Symbols of fecundity and gentleness through the rain they hold, clouds reflect the magic of the world, the transience of all things and the hope of a future always possible carried by the continuity of the lives of women and men. Zinkpè carved his cloud with a knife, giving birth to a multitude of intertwined lives represented by these small wooden statuettes, as much identical as they are different. They represent twinship, this imperfect double, this exception of life which allows women to give birth to two children, creating in fact, a most particular interspace. Celebrated across borders in Benin, Nigeria, Togo and Ghana, Zinkpè pays tribute to the creation of life and the invisible and magical ties that interweave the world.

 

Through his fever, Zinkpè transmits.

Joël Degbo, in residence in Benin at Zinkpè’s studio, proposes a new series devoted to the Beninese cityscape. Through painting, but also video and installation, Joël addresses the question of the history of territories, spaces in mutation and their heritage, especially of places discredited, abandoned or forcibly displaced. He seeks to write their memory.

 

In doing so, Joël’s personal history seeps into his works; his double heritage, his multiple Franco-Beninese identity, gives him this sensation of partial belonging – notably in the painting Palmier au milieu d’un jardin villepintois (Palm Tree in the Middle of a Garden in Villepinte) from his series on the Parisian inner city. Like a self-portrait, this palm tree, implanted elsewhere, symbolizes this feeling of exteriority.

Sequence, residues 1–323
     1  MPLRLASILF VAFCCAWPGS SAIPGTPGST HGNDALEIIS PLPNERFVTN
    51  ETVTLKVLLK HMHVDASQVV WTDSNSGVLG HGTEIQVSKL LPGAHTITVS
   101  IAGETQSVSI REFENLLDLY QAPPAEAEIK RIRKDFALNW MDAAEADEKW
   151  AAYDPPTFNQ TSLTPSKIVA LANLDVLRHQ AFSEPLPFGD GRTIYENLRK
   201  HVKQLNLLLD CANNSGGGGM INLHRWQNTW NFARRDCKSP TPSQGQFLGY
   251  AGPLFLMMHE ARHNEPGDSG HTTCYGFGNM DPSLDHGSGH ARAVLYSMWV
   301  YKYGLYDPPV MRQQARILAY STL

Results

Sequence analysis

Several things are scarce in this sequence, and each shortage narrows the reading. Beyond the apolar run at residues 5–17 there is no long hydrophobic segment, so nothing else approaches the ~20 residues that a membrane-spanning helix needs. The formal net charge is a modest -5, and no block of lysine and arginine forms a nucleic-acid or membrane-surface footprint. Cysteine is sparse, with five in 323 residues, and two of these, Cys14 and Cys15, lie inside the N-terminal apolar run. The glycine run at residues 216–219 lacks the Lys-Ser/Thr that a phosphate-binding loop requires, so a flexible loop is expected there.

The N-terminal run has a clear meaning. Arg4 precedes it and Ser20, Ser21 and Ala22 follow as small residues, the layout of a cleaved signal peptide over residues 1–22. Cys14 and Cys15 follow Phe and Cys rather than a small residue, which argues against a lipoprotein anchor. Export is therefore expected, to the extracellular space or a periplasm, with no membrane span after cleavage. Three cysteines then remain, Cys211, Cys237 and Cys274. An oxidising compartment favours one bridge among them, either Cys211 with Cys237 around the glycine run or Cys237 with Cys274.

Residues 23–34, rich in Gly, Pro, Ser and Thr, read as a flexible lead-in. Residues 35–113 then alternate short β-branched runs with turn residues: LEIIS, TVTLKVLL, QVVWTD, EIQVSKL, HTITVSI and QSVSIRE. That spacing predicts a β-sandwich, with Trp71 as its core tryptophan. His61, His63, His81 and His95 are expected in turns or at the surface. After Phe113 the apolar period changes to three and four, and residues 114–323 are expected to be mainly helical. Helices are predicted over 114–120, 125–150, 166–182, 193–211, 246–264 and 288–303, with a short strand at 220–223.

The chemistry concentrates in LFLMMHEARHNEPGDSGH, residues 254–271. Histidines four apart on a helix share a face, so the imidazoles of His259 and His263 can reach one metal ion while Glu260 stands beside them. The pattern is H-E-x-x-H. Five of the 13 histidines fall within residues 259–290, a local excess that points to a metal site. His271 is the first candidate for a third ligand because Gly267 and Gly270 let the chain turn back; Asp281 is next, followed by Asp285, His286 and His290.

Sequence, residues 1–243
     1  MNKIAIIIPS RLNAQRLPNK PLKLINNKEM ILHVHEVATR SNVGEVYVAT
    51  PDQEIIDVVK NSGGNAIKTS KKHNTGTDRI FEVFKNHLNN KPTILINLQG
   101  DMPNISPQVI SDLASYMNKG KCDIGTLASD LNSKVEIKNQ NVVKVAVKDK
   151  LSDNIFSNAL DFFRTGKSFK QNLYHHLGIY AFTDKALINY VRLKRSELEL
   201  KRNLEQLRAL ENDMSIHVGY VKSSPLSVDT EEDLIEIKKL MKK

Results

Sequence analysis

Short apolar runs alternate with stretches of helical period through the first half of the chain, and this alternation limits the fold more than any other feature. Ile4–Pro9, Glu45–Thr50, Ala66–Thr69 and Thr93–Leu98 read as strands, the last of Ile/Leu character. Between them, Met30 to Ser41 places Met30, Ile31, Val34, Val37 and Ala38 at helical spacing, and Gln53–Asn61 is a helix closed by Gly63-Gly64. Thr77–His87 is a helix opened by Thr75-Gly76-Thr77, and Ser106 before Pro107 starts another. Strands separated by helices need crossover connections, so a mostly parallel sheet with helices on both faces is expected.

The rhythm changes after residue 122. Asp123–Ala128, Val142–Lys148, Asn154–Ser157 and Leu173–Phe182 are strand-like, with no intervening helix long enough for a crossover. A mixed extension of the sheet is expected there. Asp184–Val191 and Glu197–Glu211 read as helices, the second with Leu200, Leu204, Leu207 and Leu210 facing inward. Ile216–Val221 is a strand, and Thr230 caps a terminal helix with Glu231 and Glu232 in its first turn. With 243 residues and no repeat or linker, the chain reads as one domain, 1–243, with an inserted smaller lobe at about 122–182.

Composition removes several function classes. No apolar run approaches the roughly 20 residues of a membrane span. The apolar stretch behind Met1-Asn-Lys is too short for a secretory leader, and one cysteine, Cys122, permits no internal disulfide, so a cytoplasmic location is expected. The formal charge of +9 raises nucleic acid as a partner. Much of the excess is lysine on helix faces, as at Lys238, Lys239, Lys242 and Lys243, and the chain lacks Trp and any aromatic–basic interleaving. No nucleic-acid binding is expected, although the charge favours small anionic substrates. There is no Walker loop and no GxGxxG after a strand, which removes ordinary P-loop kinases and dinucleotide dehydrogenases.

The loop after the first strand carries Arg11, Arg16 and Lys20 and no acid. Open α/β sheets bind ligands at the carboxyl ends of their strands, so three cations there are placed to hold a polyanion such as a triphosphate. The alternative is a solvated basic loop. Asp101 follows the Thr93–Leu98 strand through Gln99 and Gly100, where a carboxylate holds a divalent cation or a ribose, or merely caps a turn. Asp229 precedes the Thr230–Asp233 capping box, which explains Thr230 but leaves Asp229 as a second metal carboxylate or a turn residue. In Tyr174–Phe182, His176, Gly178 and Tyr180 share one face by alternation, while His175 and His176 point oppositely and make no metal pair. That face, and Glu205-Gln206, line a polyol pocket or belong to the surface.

In Cotonou, Joël crossed the path of the new palm grove welcoming residents at the entrance to Fidjrossè where once stood an entire neighborhood. These short palm trees, recently planted, have replaced lives, in the name of a new city, of a new hope. In painting these palm groves, Joel moves from self-portrait to portrait. His journey to Benin, his land of origin, his reconnection with his identity allowed him this transfer. This homecoming is translated by this connection to these displaced lives. His reconstruction coincides with that of this invisible neighborhood to
which he pays homage, the portrait of all these lives that cement an intangible heritage for this space at first sight seemingly deserted.

Gregory Olympio, in order to describe his will to free women and men from their identities, invents new ones. His double portraits refer to all and no one at once, they are imaginary beings created from real or fabricated memories. Nothing more is said about the relationship of these two characters. The space, between them, suggests. It leaves room for the possible. Their area of contact specifies a little, without saying too much. Are they related, lovers, brothers or neighbors, or simply co-existing? Gregory does not elaborate, he refuses to confine. The contours are never clear, always attentive
to one color or another.

Didier Viodé has chosen to question himself. In this series, he has devoted himself to an introspective work. What better way to explore the subtlety of existence than to question his own identity. Regarder le monde (Looking at the World), is for Didier the moment to rest an eye on his inner path, it is an autobiographical introspection which gives form to images and gestures of his life, his parents, his childhood, his beliefs. He lays bare his intimacy to reveal himself beyond his own body. He speaks of his journey and his detours. The portraits without faces preserve a certain modesty, he reveals himself without confiding in us the details.